Gender bias ‘Foote-note’ to climate science
Sept 2019—The discovery of rising carbon dioxide levels in the late 1800’s was not made by John Tyndall, who is often credited. It was made five years earlier by Eunice Foote.
She quickly learned at the Troy Female Seminary and from reading scientific journals that early nineteenth-century scientists were keenly interested in studying the role atmospheric conditions played in the temperature on earth. Foote was the first, however, to isolate the component gases that make up the atmosphere, thus discovering which gas became the hottest in sunlight. It was, she discovered, carbon dioxide. She then deduced that the more CO2 that’s pumped into the atmosphere, the hotter it gets. Then she brilliantly concluded from these two discoveries, “if … at one period of time of the [earth’s] history the air had mixed with a larger proportion than at present, an increased temperature from its own action … must have resulted.”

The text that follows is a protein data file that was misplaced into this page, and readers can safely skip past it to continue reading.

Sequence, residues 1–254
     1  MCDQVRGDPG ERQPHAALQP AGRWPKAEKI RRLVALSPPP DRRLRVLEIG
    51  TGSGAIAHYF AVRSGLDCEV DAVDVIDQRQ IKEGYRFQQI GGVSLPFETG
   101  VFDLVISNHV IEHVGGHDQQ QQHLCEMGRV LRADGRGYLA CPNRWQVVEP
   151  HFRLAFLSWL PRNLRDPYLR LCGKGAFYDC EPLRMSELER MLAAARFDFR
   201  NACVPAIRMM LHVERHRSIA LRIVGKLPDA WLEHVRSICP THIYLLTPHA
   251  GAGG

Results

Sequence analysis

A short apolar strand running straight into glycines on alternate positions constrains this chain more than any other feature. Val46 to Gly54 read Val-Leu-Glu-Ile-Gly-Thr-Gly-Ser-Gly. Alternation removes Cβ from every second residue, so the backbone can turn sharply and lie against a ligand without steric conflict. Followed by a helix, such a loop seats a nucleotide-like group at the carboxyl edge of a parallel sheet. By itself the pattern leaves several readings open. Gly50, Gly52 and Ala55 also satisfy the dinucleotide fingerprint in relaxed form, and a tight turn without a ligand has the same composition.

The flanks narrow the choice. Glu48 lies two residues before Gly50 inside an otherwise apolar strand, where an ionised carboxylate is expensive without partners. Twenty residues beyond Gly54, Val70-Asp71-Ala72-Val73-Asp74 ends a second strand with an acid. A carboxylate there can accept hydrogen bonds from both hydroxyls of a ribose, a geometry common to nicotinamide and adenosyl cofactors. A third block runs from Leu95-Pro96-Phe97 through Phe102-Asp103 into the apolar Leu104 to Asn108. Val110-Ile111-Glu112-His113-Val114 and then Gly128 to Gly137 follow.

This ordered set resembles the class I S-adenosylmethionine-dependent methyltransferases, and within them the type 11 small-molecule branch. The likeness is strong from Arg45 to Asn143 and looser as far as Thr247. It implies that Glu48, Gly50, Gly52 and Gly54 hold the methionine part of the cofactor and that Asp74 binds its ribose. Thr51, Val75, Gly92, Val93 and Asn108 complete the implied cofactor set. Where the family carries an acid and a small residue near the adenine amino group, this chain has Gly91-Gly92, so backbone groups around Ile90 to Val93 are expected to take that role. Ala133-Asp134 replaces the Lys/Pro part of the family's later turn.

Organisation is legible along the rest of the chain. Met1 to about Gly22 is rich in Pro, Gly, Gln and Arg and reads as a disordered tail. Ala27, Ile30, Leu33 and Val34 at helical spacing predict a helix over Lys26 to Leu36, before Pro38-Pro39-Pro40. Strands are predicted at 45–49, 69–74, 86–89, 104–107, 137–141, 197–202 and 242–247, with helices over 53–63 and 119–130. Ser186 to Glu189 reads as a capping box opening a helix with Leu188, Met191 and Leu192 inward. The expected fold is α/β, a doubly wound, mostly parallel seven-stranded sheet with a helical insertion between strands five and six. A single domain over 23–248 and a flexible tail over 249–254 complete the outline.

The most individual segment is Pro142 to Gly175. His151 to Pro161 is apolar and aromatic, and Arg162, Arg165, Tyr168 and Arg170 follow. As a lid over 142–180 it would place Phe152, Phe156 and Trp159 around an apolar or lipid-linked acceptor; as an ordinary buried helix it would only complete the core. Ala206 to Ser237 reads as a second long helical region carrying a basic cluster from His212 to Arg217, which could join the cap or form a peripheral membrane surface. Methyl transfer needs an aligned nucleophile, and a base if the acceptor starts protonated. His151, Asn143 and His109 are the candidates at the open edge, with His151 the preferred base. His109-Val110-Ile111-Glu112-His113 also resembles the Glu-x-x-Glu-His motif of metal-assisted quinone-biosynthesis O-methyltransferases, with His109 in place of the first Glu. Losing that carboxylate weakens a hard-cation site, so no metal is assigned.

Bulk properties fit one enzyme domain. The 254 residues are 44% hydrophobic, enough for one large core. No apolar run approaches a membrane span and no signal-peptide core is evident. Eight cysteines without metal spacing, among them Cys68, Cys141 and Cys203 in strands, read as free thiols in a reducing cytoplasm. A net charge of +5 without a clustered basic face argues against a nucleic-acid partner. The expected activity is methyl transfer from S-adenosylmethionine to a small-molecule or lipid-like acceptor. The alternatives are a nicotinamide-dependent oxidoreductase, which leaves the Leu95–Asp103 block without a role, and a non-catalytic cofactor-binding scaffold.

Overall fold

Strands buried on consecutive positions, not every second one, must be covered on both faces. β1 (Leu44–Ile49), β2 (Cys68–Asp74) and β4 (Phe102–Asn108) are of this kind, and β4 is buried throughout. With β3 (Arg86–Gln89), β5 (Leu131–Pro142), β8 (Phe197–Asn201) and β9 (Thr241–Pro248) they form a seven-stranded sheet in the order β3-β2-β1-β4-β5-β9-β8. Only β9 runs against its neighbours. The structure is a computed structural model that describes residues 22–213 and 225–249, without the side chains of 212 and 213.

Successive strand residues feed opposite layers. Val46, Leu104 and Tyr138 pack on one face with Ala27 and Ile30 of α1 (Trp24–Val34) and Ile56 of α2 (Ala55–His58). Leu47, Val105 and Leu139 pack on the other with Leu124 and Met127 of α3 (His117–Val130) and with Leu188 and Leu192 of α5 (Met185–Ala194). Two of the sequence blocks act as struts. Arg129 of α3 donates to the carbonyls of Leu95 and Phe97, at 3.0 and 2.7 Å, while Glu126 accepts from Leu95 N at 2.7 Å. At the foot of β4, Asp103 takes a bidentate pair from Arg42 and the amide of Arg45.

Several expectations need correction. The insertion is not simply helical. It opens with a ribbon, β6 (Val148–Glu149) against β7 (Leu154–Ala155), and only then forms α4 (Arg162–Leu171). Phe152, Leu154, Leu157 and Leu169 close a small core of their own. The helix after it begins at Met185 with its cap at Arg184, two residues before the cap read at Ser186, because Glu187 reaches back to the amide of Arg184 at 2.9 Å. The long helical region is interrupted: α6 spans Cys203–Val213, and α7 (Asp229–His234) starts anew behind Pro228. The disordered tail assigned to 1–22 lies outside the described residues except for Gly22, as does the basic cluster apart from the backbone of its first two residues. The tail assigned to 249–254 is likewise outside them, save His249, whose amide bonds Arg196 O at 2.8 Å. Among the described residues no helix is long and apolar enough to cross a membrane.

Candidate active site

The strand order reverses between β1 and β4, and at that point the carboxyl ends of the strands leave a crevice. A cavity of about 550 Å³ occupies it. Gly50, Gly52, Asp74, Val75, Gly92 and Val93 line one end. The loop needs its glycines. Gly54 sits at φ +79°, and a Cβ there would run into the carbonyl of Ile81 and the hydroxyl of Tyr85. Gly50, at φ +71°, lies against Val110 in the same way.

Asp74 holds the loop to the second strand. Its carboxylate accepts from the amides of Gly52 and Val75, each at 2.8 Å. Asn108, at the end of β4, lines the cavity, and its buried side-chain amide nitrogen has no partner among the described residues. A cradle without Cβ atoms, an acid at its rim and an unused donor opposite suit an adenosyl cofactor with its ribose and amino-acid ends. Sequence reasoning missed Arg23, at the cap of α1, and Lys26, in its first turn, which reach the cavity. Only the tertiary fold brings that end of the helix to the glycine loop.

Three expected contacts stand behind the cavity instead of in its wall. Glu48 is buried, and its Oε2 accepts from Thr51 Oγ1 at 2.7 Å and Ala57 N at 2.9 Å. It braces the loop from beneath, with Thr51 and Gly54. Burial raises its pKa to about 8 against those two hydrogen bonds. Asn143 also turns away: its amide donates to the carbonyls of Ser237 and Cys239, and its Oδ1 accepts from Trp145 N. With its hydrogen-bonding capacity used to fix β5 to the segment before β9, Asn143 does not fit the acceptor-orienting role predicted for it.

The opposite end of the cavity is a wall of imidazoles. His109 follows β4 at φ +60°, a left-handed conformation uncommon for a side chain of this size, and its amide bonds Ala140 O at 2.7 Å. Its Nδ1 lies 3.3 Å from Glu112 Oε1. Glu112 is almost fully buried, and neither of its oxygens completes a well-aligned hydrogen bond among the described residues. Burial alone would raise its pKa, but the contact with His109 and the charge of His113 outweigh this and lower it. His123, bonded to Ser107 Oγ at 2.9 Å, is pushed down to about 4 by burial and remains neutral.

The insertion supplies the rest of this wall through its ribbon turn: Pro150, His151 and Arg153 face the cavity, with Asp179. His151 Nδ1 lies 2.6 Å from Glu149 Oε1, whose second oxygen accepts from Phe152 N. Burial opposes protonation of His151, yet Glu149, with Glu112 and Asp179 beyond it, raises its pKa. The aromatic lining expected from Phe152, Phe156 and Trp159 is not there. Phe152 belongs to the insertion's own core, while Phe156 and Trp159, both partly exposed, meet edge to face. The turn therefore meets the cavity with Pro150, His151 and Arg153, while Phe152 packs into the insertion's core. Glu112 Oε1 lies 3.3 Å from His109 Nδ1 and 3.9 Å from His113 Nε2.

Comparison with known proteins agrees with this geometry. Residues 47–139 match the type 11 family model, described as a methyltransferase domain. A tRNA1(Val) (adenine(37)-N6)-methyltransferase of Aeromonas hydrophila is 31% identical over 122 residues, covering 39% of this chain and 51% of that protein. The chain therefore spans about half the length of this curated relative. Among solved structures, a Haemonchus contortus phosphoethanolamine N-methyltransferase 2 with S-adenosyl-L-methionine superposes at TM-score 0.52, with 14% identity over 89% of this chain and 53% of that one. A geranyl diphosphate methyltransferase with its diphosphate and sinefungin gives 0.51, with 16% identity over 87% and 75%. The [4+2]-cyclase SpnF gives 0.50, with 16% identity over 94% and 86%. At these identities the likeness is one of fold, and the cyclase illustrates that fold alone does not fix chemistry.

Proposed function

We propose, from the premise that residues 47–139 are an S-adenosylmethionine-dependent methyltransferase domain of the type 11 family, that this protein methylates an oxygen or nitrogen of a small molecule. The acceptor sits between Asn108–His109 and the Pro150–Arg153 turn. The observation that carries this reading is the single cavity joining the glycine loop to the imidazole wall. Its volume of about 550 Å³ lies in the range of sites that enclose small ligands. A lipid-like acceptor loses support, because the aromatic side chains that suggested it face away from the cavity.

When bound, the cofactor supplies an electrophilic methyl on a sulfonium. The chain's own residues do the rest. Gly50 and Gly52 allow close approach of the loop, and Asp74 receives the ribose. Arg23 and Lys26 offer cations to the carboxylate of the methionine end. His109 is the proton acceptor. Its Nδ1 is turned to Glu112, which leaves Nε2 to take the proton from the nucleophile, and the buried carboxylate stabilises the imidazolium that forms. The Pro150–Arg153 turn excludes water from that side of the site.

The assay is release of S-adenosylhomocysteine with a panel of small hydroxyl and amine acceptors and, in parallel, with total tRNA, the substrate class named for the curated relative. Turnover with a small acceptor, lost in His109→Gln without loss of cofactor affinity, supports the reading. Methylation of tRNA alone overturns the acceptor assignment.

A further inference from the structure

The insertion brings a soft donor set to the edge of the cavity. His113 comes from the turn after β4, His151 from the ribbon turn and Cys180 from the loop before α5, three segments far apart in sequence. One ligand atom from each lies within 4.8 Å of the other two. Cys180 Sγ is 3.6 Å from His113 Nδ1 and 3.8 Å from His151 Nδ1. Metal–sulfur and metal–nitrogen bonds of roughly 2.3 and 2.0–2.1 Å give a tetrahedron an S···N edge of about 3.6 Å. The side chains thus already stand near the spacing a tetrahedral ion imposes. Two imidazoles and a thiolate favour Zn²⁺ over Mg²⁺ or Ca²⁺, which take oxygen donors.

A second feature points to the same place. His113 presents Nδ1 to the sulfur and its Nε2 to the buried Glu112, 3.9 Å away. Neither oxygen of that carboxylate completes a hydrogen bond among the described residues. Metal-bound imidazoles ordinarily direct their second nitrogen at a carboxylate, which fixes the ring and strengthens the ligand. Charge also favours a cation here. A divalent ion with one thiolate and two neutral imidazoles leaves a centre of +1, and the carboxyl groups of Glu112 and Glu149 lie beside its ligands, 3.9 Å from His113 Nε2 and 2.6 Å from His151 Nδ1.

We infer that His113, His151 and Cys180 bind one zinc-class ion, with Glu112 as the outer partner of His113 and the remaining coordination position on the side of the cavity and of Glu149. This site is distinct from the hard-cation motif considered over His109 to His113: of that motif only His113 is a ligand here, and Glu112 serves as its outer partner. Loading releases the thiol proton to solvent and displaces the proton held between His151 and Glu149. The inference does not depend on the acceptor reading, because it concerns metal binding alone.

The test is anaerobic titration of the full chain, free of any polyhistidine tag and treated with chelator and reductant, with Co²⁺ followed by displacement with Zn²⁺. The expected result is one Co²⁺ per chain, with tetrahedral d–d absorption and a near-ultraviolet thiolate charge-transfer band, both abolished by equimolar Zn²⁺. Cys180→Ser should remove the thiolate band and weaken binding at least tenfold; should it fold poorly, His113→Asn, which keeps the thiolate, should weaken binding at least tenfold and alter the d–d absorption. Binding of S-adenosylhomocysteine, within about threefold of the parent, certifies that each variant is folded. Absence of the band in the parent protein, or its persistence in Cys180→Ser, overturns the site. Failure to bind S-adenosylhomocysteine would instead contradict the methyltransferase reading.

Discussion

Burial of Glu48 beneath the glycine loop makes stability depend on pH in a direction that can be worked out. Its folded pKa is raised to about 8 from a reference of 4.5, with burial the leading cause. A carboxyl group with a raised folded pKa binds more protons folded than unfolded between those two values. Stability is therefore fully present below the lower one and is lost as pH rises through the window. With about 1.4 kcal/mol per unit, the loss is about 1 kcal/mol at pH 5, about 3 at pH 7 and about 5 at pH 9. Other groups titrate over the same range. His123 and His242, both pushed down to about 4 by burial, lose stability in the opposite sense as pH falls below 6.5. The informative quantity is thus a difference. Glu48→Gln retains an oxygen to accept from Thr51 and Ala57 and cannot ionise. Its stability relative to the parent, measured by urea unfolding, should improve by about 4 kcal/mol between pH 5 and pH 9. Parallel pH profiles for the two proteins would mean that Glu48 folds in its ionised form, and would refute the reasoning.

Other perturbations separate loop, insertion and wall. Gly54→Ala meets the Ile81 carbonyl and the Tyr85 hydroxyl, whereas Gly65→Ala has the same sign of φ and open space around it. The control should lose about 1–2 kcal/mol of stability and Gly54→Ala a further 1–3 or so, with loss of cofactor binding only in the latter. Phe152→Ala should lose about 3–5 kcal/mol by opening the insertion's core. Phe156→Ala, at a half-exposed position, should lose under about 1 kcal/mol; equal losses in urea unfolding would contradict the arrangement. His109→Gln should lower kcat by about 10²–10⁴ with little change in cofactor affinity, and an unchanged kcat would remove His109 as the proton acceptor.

Her published results had to be presented by a male colleague at a gathering of scientists in 1856 since women weren’t allowed in the hallowed proceedings. Five years later, Tyndall wrote a paper of similar findings and made no reference to her work. He’s gotten the credit ever since. A new book, Science Knows No Gender, intends to set the record straight.